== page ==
Introduction: Coping with breast cancer is an important health issue that results in adjustments to the disease in survivors. The present systematic review aims to synthesize the evidence about the coping strategies used by women who are primary breast cancer survivors to adjust to their new situations in their lives.

Methods: Searches were conducted using Google Scholar, PubMed, Scopus, Wiley Online Library, and PsycINFO, using the terms "breast cancer," "breast malignancy," "coping strategies," "coping behaviors," and "adjustment" from January 2000 to July 2015. Only relevant studies in English were selected at the end of the search. Only those papers were selected that focused on coping strategies/behaviors that were used by breast cancer survivors.  

Results: Searching the electronic databases resulted in 2390 articles. Ultimately, 20 studies met the inclusion criteria of the present study and were included in the review. Two reviewers independently reviewed all relevant articles using the same inclusion criteria. The reviewers completed a quality assessment using the Newcastle–Ottawa Quality Assessment scales for observational studies. The more frequent coping strategies that patients with breast cancer used in the studies were 1) seeking social support (9 studies), 2) positive reframing and reappraisal behaviors as problem focused strategies (7 studies), 3) religious/spirituality-focused efforts (8 studies), 4) emotional expression as positive emotion-focused strategies (3 studies), and 5) avoidance and distraction as avoidance orientated strategies (6 studies). Women with different ethnicities and educational levels used different coping strategies with breast cancer, and they used different strategies in different phases of the disease.

Conclusion: This systematic review revealed that seeking social support and emotion-focused efforts were the main coping strategies that women with breast cancer diagnosis used, especially in the early phase of breast cancer diagnosis. This information about the coping responses of patients may be useful in designing interventional programs to assist other women in dealing with the various challenges imposed upon them by their illness.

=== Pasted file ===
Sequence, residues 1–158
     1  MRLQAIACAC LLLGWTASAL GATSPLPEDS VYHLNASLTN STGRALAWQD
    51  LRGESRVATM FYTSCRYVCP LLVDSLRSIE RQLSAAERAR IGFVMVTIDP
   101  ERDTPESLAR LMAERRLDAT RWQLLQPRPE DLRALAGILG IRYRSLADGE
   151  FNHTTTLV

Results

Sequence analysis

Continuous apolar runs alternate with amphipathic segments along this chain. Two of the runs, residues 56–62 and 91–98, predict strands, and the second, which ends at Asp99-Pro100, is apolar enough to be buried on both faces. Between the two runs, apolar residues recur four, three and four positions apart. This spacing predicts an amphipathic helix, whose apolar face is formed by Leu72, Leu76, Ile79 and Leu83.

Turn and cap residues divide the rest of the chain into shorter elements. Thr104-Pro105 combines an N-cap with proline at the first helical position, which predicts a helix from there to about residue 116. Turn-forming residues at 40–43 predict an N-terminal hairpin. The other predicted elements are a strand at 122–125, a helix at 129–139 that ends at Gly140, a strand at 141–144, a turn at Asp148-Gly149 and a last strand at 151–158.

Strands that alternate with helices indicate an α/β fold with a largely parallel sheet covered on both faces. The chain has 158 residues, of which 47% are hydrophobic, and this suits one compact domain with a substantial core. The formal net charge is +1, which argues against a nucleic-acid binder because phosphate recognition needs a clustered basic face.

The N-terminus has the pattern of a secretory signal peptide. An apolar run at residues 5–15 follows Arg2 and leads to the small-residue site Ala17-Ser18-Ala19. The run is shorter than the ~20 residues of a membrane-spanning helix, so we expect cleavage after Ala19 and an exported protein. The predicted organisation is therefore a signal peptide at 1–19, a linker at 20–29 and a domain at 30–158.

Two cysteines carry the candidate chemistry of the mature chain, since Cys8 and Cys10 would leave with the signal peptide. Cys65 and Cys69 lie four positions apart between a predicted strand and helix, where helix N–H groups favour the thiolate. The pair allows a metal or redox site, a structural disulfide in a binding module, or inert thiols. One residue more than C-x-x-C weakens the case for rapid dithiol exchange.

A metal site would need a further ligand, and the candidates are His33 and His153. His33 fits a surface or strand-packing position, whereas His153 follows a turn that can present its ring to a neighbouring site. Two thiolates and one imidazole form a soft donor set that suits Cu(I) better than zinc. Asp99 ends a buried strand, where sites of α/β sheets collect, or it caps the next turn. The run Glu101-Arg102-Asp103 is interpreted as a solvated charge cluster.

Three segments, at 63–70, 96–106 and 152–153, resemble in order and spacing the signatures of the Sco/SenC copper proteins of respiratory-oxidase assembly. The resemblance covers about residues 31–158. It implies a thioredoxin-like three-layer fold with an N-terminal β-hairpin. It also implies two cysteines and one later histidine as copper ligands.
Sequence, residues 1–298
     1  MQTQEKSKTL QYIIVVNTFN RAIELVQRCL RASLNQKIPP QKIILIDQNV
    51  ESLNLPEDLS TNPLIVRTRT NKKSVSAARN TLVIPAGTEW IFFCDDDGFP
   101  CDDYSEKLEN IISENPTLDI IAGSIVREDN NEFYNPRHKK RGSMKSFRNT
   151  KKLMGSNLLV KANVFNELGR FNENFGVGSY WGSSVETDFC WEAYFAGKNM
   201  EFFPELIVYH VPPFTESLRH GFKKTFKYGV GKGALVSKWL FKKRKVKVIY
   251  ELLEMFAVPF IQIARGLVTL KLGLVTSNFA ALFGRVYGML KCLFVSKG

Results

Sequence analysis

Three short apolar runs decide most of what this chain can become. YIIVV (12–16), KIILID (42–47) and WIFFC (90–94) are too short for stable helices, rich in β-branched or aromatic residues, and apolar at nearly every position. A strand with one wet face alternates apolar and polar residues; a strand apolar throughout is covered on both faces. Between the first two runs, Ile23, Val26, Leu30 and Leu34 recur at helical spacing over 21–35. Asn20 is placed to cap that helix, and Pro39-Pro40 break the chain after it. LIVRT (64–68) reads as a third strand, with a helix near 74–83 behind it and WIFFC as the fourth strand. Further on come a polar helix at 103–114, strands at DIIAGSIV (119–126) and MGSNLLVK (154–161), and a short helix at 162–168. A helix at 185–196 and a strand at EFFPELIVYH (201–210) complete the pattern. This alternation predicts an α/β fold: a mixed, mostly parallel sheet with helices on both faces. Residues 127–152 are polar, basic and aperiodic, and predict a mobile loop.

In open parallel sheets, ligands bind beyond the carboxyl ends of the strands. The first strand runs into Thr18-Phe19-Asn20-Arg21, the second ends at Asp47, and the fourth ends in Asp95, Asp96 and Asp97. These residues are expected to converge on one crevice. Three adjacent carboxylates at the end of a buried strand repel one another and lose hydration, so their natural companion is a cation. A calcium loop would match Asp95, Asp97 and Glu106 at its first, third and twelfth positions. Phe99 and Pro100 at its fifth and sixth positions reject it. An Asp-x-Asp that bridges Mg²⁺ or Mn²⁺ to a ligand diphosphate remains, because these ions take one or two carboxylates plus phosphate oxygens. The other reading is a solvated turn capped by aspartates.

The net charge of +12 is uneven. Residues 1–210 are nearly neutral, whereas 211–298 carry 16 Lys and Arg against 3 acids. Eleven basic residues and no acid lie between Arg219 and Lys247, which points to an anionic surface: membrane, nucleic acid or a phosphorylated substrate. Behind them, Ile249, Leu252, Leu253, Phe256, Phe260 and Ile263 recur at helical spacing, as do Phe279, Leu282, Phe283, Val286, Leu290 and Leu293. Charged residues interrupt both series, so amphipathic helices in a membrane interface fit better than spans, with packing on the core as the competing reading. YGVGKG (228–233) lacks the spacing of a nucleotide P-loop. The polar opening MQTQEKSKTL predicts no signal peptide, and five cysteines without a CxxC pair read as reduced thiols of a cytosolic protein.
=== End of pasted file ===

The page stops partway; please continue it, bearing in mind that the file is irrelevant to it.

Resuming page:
Keywords: breast cancer, coping strategies, coping behaviors, adjustment, systematic review
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Current Issue

October-December 2019 (Volume 11, Issue 4)


The 6th World Conference on Research Integrity (WCRI) is to be held on June 2-5, 2019 in Hong Kong.

The WCRI is the largest and most significant international conference on research integrity. Since the first conference in Lisbon in 2007, it has given researchers, teachers, funding agencies, government officials, journal editors, senior administrators, and research students opportunities to share experiences and to discuss and promote integrity in research. Read more:


TDR Clinical Research and Development Fellowships

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Meta-Analysis Workshops in New York, USA, and London, UK, in April and May 2019

Don't miss this exceptional opportunity to learn how to perform and report a Meta-analysis correctly. Two Meta-analysis workshops are organized in April and May 2019 by Dr. Michael Borenstein in New York, USA (April 08-10, 2019) and London, UK (May 27-29).

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Dr. Michael Borenstein, one of the authors of Introduction to Meta-Analysis, is widely recognized for his ability to make statistical concepts accessible to researchers as well as to statisticians. He has lectured widely on meta-analysis, including at the NIH, CDC, and FDA. Read more: